• Select All: To autofit all columns in a sheet, simply select all cells by pressing Ctrl + A or Command + A on a Mac. Then, use the keyboard shortcut or the Home tab ribbon to autofit the columns.

  • Range: Autofit can also be used on a specific range of cells. Simply select the range of cells you wish to adjust, then use the keyboard shortcut or the Home tab ribbon to autofit the columns within the selected range.

By using the Excel shortcut for autofit, users can quickly and easily adjust the width of columns to fit the contents of the cells within them. This can save time and make spreadsheets more visually appealing.

Formatting Cells and Text in Excel

Excel provides a variety of formatting options to help users customize their spreadsheets. One important aspect of formatting is adjusting the size of cells to fit the text they contain. This can help improve the readability and organization of your data.

Wrap Text and Shrink to Fit

Two ways to adjust cell size in Excel are to wrap text or shrink it to fit. Wrapping text allows the text to display on multiple lines within a cell, while shrinking it reduces the font size to fit all the text on one line. These options can be found under the “Alignment” tab in the “Format Cells” dialog box.

Manually Set Cell Size

If the default size of a cell does not fit the text, users can manually adjust the cell size by dragging the border of the cell. Alternatively, users can select multiple cells and use the “Format Cells” dialog box to set a specific width and height for all selected cells.

Using Macros

For users who frequently need to adjust cell size, creating a macro can save time. Macros can be used to automate the process of adjusting cell size to fit text.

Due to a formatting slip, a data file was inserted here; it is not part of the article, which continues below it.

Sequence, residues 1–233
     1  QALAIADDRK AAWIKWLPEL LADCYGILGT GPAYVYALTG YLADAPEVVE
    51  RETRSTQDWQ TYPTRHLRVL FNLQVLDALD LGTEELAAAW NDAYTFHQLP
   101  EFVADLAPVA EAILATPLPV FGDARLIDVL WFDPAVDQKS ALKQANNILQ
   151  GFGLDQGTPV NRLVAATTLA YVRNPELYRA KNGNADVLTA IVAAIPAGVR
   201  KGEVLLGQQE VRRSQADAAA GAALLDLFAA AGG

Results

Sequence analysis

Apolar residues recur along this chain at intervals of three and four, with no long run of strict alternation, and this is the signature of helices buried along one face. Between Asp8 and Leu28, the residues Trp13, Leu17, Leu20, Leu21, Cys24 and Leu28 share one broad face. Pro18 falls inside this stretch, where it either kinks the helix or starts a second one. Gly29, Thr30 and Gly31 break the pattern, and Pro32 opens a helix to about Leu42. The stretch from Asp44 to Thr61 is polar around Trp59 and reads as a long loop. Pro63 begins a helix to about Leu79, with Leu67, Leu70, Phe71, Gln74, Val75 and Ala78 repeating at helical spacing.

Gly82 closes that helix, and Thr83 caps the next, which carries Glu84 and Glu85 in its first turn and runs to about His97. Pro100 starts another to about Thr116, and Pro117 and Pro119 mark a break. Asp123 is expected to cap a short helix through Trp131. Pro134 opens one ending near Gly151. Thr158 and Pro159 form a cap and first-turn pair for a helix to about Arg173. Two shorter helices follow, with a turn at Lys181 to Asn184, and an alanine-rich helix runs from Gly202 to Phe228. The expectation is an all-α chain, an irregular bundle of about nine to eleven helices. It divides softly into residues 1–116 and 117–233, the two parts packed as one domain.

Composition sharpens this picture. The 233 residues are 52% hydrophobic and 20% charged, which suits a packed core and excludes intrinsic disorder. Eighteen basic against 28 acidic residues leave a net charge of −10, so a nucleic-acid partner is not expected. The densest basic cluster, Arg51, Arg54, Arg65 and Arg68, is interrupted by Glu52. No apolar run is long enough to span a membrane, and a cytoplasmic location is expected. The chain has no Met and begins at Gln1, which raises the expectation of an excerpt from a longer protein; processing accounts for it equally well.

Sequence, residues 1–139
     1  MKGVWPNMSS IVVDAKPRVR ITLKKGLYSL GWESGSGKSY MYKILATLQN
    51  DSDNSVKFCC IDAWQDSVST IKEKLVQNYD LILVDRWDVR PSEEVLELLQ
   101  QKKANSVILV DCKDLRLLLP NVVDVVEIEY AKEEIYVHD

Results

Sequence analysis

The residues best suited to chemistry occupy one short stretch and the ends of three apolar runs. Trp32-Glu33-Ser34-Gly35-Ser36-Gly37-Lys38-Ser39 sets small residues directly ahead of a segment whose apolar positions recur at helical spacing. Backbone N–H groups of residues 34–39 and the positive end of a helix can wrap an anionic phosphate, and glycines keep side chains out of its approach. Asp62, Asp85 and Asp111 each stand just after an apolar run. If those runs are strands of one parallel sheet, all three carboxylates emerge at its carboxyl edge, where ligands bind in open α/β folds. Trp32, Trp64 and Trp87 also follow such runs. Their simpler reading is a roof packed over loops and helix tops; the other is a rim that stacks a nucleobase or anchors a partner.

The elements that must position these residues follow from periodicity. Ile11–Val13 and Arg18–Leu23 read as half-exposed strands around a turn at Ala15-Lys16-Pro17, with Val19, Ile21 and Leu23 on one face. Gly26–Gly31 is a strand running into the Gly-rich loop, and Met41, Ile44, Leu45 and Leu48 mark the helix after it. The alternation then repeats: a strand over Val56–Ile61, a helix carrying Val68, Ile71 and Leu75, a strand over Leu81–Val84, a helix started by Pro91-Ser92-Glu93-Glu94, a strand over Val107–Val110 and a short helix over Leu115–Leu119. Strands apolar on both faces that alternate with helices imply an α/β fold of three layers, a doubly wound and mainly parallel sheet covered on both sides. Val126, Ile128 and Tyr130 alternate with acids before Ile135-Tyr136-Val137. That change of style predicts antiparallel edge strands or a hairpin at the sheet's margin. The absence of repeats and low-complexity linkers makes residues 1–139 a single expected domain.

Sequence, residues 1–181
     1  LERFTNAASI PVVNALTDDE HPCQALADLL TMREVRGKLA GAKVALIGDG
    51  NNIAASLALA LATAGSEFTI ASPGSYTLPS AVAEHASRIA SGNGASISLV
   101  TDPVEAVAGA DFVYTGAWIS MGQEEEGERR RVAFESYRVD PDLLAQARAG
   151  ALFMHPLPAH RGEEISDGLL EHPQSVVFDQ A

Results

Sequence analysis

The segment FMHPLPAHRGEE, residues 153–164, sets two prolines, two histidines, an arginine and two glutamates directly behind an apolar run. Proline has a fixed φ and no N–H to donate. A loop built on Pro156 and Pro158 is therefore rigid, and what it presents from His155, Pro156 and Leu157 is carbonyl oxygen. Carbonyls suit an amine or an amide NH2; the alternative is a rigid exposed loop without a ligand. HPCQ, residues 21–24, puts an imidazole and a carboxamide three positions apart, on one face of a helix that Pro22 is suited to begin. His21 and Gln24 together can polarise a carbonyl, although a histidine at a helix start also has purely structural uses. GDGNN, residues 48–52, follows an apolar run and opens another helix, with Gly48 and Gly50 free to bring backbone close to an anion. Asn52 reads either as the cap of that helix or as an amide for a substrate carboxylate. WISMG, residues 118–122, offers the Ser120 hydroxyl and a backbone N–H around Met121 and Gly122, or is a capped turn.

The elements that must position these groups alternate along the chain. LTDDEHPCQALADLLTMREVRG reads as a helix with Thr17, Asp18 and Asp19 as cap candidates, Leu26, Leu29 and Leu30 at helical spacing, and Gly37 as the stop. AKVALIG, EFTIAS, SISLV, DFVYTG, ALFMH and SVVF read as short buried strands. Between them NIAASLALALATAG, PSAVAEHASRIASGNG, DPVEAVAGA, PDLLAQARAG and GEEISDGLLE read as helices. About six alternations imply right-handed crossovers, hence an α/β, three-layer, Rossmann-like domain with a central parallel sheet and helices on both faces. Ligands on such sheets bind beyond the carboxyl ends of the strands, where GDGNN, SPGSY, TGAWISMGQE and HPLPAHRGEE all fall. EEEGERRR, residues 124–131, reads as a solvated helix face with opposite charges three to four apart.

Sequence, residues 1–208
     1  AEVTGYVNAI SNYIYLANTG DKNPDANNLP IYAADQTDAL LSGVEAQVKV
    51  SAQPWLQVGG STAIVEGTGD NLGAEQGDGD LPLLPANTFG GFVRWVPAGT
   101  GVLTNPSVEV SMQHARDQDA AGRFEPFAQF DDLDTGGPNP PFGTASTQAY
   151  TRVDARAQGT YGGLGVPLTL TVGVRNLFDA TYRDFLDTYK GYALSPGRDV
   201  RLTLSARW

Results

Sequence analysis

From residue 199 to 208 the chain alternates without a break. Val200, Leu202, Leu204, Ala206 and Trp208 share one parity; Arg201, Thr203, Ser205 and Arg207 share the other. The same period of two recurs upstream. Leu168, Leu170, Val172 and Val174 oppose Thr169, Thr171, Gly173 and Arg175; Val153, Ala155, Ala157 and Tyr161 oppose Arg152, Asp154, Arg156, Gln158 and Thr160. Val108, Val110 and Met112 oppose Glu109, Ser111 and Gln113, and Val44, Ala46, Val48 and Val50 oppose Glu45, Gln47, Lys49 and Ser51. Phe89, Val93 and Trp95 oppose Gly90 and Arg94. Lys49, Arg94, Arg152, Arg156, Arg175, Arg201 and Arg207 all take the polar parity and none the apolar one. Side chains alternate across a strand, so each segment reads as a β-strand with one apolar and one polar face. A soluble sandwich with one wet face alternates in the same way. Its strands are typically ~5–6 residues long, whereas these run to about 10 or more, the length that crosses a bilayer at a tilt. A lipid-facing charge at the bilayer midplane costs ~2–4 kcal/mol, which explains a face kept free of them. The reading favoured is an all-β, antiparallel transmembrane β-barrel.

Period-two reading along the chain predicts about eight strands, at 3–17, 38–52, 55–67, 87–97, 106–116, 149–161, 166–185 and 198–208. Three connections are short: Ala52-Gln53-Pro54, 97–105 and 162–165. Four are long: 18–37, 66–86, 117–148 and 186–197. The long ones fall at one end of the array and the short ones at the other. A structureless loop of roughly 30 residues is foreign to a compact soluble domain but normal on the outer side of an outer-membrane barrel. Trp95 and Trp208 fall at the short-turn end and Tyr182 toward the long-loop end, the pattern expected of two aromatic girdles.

Troubleshooting Autofit

Sometimes, the autofit feature in Excel may not work as expected. This can be due to merged cells, hidden text, or extra spaces. To troubleshoot, users can try unmerging cells, unhiding text, or removing extra spaces. If these solutions do not work, an alternative is to use VBA code to adjust cell size.

Overall, being able to adjust cell size to fit text is an important skill for Excel users. By using the various formatting options available, users can create organized and visually appealing spreadsheets.


  • James Davis

    Tech geek, excel super-user, software guru, and your go-to guy for all things digital. James has spent over a decade diving deep into the latest software and gadgets, making tech jargon easy for the rest of us. When he's not geeking out over the newest release, he's probably hunting for some new Excel tips as James spent 7 years perfecting his excel skills!

  • Robert Miller

    Meet Robert James Miller, the meticulous editor at CostOfIncome, where precision meets passion. While his editorial skills have consistently elevated the platform's content, it's his profound expertise in Excel that sets him apart. Robert doesn't just know Excel; he commands it, transforming complex data into insightful narratives. His depth of understanding has not only aided in streamlining operations at CostOfIncome but has also positioned him as the go-to guru for all things Excel-related.